By Andrei B. Klimov
Written by way of significant participants to the sector who're popular in the neighborhood, this is often the 1st finished precis of the various effects generated through this method of quantum optics so far. As such, the booklet analyses chosen issues of quantum optics, targeting atom-field interactions from a group-theoretical standpoint, whereas discussing the relevant quantum optics versions utilizing algebraic language. the general result's a transparent demonstration of the benefits of making use of algebraic how you can quantum optics difficulties, illustrated by means of a few end-of-chapter difficulties. a useful resource for atomic physicists, graduates and scholars in physics.
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Extra resources for A Group-Theoretical Approach to Quantum Optics: Models of Atom-Field Interactions
4) has the same form as the Hamiltonian for a spin in the external magnetic ﬁeld. 2: ig i∆ sin t − sin t cos t − 2 U(t) = ig ∗ i∆ sin t cos t + sin t 2 where = ∆2 /4 + |g|2 is called the it Rabi frequency. 3 A Two-level Atom in a Circularly Polarized Field In the following, we consider again the case of atoms with only one electron. 4) has three components: | n → |α, l, m , where l is the angular momentum, m is the z component of the angular momentum, and the label alpha stands for all other quantum numbers required to completely specify the state (see, for example, ).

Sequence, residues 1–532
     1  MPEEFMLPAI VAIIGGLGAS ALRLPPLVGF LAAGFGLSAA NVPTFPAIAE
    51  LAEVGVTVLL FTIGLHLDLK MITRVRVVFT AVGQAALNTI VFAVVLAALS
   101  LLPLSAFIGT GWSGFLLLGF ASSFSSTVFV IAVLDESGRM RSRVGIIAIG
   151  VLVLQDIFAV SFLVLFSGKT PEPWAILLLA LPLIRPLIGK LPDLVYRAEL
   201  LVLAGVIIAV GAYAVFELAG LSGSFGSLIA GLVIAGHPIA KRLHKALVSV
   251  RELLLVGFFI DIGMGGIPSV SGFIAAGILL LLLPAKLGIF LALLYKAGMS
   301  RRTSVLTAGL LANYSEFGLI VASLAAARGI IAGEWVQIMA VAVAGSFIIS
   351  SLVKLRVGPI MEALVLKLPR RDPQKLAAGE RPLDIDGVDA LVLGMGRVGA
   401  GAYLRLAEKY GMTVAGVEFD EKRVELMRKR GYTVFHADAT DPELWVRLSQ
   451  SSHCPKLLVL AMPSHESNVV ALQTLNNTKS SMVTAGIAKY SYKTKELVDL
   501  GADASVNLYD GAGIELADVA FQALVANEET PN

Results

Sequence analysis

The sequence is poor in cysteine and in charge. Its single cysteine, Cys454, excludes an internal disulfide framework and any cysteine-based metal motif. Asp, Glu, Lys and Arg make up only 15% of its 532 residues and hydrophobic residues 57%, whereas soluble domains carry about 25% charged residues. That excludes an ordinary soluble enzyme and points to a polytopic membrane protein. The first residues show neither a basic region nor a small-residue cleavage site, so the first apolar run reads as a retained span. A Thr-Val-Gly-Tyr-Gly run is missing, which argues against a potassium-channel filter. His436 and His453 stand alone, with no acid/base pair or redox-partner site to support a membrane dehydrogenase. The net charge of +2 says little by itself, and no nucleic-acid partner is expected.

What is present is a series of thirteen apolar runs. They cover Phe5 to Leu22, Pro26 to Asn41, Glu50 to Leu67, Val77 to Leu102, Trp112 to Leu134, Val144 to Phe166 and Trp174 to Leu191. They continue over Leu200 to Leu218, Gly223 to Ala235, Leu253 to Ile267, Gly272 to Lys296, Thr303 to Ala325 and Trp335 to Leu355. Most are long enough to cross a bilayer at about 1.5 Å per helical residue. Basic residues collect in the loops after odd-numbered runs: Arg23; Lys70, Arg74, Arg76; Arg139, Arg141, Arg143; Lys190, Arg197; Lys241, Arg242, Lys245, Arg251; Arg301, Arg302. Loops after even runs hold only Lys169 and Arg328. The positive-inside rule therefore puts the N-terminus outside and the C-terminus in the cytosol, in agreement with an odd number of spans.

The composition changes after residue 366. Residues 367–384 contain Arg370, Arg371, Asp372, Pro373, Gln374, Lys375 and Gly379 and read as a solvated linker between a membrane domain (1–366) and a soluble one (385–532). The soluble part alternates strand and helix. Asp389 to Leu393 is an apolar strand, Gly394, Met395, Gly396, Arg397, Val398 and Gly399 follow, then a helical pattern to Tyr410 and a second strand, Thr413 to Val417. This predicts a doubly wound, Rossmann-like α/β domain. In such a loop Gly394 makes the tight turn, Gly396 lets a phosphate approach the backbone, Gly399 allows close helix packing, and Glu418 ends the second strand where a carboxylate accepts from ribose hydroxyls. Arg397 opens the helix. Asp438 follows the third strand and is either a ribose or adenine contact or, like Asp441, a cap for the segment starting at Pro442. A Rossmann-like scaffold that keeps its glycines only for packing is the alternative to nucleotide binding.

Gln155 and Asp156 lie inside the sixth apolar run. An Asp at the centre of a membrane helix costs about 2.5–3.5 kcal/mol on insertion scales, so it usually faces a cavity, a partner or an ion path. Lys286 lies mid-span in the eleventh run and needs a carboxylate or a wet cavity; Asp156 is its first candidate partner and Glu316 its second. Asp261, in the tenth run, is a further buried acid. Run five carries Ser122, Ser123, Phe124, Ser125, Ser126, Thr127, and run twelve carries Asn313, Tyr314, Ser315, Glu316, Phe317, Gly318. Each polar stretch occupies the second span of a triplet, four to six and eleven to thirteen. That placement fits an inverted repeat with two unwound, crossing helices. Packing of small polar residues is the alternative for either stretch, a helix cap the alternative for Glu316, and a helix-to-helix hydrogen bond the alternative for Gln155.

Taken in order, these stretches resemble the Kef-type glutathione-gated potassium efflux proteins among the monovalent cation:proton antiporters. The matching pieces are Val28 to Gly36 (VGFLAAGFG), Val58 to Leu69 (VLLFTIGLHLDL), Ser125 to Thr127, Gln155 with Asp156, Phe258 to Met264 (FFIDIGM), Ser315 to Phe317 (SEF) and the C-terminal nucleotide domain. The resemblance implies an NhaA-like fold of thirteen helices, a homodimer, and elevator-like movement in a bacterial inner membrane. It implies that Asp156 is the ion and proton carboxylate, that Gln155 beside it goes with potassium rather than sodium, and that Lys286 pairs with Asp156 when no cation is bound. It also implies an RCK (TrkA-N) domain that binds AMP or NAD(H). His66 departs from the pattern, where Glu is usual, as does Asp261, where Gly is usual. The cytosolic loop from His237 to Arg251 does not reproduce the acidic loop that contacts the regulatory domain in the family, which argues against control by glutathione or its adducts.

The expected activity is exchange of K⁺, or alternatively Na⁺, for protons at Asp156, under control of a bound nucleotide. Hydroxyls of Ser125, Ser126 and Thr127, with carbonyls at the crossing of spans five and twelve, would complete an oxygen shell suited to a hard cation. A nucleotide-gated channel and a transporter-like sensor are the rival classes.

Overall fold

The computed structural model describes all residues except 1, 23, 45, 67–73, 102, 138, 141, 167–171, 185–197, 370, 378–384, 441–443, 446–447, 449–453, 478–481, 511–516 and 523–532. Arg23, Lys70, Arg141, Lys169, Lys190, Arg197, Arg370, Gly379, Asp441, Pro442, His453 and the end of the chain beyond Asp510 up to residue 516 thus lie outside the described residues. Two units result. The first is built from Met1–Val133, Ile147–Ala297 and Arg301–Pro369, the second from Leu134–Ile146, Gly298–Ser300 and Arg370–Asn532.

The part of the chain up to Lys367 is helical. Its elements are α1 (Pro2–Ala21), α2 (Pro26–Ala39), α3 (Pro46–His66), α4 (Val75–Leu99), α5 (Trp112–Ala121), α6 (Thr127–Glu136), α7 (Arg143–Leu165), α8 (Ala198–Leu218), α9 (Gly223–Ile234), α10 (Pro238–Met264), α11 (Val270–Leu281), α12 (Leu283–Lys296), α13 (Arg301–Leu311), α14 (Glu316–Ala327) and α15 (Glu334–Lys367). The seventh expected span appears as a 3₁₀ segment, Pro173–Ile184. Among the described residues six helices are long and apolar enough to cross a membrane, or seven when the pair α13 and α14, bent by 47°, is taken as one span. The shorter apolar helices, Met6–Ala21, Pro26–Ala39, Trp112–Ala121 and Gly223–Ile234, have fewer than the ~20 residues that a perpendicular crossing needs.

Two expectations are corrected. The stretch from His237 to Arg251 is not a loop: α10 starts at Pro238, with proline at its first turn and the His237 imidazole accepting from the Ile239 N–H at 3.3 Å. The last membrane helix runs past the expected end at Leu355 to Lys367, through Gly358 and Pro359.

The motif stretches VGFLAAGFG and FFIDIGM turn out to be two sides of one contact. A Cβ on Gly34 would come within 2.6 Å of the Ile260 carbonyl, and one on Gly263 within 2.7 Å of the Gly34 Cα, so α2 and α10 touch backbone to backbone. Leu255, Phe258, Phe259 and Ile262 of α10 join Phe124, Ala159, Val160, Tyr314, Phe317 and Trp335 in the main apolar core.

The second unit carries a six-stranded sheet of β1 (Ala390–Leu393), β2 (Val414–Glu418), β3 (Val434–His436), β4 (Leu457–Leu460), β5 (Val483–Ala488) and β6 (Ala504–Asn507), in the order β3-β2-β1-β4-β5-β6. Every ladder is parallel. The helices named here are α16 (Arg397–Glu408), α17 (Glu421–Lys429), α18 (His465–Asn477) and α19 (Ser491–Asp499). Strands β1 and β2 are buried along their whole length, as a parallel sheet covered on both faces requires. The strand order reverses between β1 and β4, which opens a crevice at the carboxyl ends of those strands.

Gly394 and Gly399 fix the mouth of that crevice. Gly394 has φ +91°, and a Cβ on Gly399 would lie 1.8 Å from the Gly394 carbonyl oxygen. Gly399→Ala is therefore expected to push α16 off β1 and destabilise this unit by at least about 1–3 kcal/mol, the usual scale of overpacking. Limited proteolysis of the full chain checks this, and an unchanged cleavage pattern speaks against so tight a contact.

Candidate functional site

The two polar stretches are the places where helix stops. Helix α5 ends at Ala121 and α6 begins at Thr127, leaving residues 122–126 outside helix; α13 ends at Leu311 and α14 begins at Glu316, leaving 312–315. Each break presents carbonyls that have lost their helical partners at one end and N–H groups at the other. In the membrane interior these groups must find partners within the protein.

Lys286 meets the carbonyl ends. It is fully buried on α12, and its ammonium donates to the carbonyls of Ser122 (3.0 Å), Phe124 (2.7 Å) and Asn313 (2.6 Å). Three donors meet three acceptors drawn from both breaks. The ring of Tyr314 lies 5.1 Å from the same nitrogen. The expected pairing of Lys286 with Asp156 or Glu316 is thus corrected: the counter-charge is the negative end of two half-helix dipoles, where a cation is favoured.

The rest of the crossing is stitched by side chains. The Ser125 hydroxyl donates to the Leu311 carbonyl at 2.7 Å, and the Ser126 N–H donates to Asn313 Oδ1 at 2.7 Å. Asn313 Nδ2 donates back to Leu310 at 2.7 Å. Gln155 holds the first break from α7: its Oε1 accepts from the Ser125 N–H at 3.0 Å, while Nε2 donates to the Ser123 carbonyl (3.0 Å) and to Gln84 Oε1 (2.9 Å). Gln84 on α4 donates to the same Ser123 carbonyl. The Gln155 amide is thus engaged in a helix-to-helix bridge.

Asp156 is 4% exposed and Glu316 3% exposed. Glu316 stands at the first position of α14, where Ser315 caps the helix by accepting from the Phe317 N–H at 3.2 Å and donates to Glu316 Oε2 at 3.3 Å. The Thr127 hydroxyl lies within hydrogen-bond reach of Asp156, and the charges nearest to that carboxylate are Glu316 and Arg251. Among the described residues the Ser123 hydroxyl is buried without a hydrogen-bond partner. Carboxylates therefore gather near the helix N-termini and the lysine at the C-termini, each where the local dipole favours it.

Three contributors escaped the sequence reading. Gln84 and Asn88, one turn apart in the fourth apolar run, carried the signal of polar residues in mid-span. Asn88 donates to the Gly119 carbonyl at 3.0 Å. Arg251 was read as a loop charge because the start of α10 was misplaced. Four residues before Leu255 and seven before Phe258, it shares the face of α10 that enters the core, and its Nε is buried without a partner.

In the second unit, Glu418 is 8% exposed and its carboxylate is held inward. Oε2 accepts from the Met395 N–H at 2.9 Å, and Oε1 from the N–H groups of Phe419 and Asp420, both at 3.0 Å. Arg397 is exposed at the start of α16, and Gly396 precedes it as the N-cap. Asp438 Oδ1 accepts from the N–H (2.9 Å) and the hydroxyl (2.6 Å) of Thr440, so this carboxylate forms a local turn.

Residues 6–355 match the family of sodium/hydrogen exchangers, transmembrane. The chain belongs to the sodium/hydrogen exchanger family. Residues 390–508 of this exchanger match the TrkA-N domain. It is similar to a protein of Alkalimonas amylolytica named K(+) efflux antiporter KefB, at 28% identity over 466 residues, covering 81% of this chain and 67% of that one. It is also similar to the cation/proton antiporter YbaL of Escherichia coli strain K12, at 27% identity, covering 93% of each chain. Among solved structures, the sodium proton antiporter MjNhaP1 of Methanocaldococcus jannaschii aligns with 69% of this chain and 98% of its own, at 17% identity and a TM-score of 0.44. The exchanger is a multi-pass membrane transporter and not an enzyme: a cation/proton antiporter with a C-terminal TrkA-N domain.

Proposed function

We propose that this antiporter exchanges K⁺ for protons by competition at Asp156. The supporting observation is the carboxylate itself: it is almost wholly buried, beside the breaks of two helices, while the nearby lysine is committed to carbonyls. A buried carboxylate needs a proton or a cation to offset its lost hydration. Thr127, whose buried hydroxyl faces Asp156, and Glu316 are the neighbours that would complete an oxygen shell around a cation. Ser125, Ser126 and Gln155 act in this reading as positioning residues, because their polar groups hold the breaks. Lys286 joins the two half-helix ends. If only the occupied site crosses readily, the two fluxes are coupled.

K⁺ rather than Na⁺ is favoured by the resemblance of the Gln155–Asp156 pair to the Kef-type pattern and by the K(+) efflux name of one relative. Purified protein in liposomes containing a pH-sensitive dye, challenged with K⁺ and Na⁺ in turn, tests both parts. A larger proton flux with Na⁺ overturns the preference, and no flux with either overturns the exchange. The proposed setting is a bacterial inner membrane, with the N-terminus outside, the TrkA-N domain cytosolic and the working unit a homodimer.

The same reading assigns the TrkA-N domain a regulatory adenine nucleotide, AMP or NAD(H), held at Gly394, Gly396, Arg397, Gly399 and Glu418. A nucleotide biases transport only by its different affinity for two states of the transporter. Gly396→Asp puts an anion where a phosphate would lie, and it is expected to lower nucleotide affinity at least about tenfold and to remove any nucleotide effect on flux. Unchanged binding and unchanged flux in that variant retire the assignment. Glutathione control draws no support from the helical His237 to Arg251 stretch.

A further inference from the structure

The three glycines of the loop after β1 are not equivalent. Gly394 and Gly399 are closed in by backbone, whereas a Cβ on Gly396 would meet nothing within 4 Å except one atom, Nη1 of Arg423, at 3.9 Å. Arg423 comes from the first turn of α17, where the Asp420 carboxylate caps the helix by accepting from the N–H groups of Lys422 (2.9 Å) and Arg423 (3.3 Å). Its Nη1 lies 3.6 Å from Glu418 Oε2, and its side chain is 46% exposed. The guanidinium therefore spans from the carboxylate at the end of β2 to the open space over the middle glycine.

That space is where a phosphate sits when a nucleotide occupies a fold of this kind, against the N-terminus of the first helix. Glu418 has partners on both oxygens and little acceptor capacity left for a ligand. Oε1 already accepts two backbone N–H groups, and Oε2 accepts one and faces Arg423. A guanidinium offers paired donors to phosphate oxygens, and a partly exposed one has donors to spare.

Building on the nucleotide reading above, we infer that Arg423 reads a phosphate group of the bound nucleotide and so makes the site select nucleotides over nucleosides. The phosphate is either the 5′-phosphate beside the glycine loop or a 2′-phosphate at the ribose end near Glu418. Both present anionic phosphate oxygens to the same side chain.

It can easily be seen that the normalization condition holds ( Ak=0 P0k (t) = 1), that is, the total probability is conserved (as it should be, for a unitary process). It is interesting to note that the probability of exciting all the atoms P0A (t) is equal to P0A (t) = sin2A t Also, when averaged over many oscillations, it tends to zero for a large number of atoms: PA0 (t) = A C2A 1 ∼ √ −→ 0 2A Aπ Using the evolution operator in its normal form, we can determine the evolution of various physical quantities.
We start with the spin dynamics in a constant magnetic ﬁeld. Then we consider the resonance dynamics of a two-level atom in an oscillating electric ﬁeld for different cases of the ﬁeld polarization, and, in doing so, justify the rotating wave approximation (RWA). We also discuss two-level system dynamics beyond the RWA. Finally, we consider examples of the collective dynamics of an ensemble of two-level systems in general time-dependent ﬁelds. 1 Spin in a Constant Magnetic Field As we have already mentioned, a two-level atom can be described in terms of isotopic spin.
A Group-Theoretical Approach to Quantum Optics: Models of Atom-Field Interactions by Andrei B. Klimov